ALBANY -- Training in the use of Tasers, the electric- shock guns used as an alternative to deadly force, can be painful.
"At least one in every class will make a mistake and learn from it," said George Camp, an investigator with the Albany-Dougherty Drug Unit at a Tuesday training class. "It is a self-correcting mistake."
Simply put, once an officer makes a mistake and zaps himself with the 50,000 volt Taser X26, he learns not to do it again, said Camp, a 22-year veteran Taser trainer.
The eight-hour training session held at the Dougherty County jail had 18 from the Dougherty County Police Department, the Dougherty County Sheriff's Office and the drug unit learning to use the Tasers.
Sheriff Kevin Sproul and two of his command staff were shocked with the equivalent voltage that comes from the Taser. The members of the class would eventually have to undergo the same hit.
Although the Taser is designed with a barbed projectile that could stick in an assailant while the electric charge runs on wires from the Taser, it wasn't necessary to use the darts during training.
"We do it to learn a respect for the weapon and what it can do to you," Sproul said. "It is a non lethal weapon in our tool kit to use to control suspects."
The crew assembled for training worked hard to familiarize themselves with their new weapons. Some fumbled but most did not.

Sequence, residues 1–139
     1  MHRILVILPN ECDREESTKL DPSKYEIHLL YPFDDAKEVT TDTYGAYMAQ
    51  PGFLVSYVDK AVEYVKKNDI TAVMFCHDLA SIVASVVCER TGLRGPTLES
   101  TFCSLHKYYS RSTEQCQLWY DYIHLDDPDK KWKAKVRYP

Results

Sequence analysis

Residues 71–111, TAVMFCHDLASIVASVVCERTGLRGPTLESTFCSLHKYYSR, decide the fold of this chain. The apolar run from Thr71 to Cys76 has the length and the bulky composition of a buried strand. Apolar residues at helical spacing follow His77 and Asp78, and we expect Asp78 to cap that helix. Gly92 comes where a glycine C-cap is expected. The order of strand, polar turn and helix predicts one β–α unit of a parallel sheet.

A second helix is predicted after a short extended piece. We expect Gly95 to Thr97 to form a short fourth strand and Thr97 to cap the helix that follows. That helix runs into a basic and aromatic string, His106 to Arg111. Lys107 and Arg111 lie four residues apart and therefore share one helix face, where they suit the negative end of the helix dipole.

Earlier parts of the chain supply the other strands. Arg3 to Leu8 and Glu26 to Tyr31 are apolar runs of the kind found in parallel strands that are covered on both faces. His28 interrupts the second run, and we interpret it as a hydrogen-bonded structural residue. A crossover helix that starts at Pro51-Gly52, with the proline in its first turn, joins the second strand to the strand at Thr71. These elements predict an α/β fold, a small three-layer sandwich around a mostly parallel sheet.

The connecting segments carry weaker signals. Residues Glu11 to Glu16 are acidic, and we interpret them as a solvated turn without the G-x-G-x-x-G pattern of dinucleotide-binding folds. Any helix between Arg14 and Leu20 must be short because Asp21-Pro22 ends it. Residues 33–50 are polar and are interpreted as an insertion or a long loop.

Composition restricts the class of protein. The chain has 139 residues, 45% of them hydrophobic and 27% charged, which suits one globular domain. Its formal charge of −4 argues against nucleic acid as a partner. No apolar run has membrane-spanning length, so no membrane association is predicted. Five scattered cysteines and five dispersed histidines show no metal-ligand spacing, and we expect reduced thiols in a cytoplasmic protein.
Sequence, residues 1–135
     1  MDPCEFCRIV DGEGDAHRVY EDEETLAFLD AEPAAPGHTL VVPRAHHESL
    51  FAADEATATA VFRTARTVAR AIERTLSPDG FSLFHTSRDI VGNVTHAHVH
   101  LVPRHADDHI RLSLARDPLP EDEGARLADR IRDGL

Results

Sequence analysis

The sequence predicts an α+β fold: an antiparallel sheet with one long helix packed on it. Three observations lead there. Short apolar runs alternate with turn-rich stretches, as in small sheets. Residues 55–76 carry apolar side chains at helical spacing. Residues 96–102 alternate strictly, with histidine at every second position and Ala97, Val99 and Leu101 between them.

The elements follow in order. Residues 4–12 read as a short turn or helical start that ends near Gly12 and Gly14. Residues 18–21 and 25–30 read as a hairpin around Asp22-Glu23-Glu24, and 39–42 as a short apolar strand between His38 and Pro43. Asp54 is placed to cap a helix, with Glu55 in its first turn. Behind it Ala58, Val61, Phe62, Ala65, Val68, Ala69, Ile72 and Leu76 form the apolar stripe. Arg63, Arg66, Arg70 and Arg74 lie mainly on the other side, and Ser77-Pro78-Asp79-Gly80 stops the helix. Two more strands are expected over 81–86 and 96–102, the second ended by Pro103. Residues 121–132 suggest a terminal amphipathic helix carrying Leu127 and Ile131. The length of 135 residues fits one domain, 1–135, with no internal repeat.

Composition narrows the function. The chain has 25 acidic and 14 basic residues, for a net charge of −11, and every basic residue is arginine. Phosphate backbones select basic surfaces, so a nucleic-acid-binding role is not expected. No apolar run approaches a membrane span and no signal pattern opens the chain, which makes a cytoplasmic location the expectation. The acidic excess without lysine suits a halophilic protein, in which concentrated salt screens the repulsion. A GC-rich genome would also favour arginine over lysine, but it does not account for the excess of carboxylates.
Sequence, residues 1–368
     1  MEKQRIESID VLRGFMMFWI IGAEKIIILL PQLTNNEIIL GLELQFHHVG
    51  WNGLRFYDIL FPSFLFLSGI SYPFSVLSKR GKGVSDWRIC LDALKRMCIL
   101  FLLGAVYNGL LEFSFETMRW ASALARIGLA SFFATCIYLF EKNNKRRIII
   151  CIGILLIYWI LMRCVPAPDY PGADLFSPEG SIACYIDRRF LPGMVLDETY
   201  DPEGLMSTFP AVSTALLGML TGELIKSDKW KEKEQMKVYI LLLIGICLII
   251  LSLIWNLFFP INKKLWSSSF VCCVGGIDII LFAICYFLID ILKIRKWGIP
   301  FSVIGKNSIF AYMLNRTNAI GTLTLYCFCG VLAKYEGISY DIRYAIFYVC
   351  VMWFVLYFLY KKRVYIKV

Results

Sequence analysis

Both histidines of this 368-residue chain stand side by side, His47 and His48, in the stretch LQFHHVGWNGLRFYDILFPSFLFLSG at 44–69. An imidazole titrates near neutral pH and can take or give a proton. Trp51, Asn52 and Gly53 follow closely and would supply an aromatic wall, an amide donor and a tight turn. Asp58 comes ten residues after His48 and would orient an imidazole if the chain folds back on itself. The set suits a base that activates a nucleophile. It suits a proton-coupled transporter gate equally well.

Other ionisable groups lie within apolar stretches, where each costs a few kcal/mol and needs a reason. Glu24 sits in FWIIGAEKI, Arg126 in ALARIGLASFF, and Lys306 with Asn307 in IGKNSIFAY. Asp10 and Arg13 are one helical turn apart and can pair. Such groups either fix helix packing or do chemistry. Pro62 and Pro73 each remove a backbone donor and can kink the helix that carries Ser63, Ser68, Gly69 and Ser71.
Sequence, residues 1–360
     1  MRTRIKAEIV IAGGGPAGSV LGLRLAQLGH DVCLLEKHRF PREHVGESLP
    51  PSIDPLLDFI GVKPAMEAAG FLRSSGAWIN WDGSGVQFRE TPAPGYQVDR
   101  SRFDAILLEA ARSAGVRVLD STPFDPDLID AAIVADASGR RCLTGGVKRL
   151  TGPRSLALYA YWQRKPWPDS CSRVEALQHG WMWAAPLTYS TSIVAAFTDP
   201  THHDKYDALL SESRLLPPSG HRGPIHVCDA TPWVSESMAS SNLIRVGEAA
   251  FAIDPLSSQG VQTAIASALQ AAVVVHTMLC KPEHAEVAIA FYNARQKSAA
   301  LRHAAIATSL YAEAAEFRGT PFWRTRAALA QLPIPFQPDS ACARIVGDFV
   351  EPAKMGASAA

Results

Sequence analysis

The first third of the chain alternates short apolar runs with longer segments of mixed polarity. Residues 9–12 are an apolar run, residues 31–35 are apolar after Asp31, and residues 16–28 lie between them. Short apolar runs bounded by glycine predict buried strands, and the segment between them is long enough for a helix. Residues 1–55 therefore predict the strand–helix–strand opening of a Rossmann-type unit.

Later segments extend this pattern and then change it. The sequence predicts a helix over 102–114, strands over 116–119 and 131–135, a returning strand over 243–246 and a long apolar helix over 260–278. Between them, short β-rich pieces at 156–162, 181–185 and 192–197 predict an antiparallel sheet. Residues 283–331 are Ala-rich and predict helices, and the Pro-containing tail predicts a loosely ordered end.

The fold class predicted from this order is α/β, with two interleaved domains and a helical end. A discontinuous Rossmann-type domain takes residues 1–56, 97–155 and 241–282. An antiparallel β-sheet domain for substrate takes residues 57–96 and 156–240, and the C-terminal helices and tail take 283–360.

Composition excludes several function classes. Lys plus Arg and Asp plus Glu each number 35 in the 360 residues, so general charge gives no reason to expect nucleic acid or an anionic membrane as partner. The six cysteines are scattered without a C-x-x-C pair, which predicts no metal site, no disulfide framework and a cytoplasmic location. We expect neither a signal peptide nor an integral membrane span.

It would be like anything else, Camp said, practice would make perfect.
"It is a thinking process event. With a new device you have to think more than we have ever done," Camp said. "It is no longer just point and shoot, or point and spray."
It wasn't merely that the Tasers had to be removed from a holster to be shot. The Tasers had to be turned off after the shot and rearmed with a different cartridge.
Sometimes one suspect would need to be hit twice or another suspect could be involved.
If the Taser was not turned off during the rearming process it could push its voltage into its operator. The operator would then have as Camp said, "A learning experience" from the 50,000-volt weapon.
It may seem like an easy thing to do, turn off a switch and then place a cartridge in the Taser. Consider that the three class instructors put the students under stress while they tried to recharge the Tasers.
The instructors, at least one as close as a few inches from the Taser operator's ear, yelled and screamed at the operator much as a Marine Corps Drill Instructor might yell at a recruit.
"That is stressful, but it isn't as stressful as we'll get on our jobs on the street," said county police Cpl. Kimberly Privette. "This is good training and the Tasers will help us in our jobs."
The use of the Tasers for law enforcement could allow officers to deal with belligerent suspects from as far away as 35 feet. Various models of Tasers have different lengths to their wires.
"In the old days and the old Tasers it was about inflicting pain," Camp said. "Now it hits the motor nerves and the suspect goes down. He is better sooner and compliant because he doesn't want to be hit again."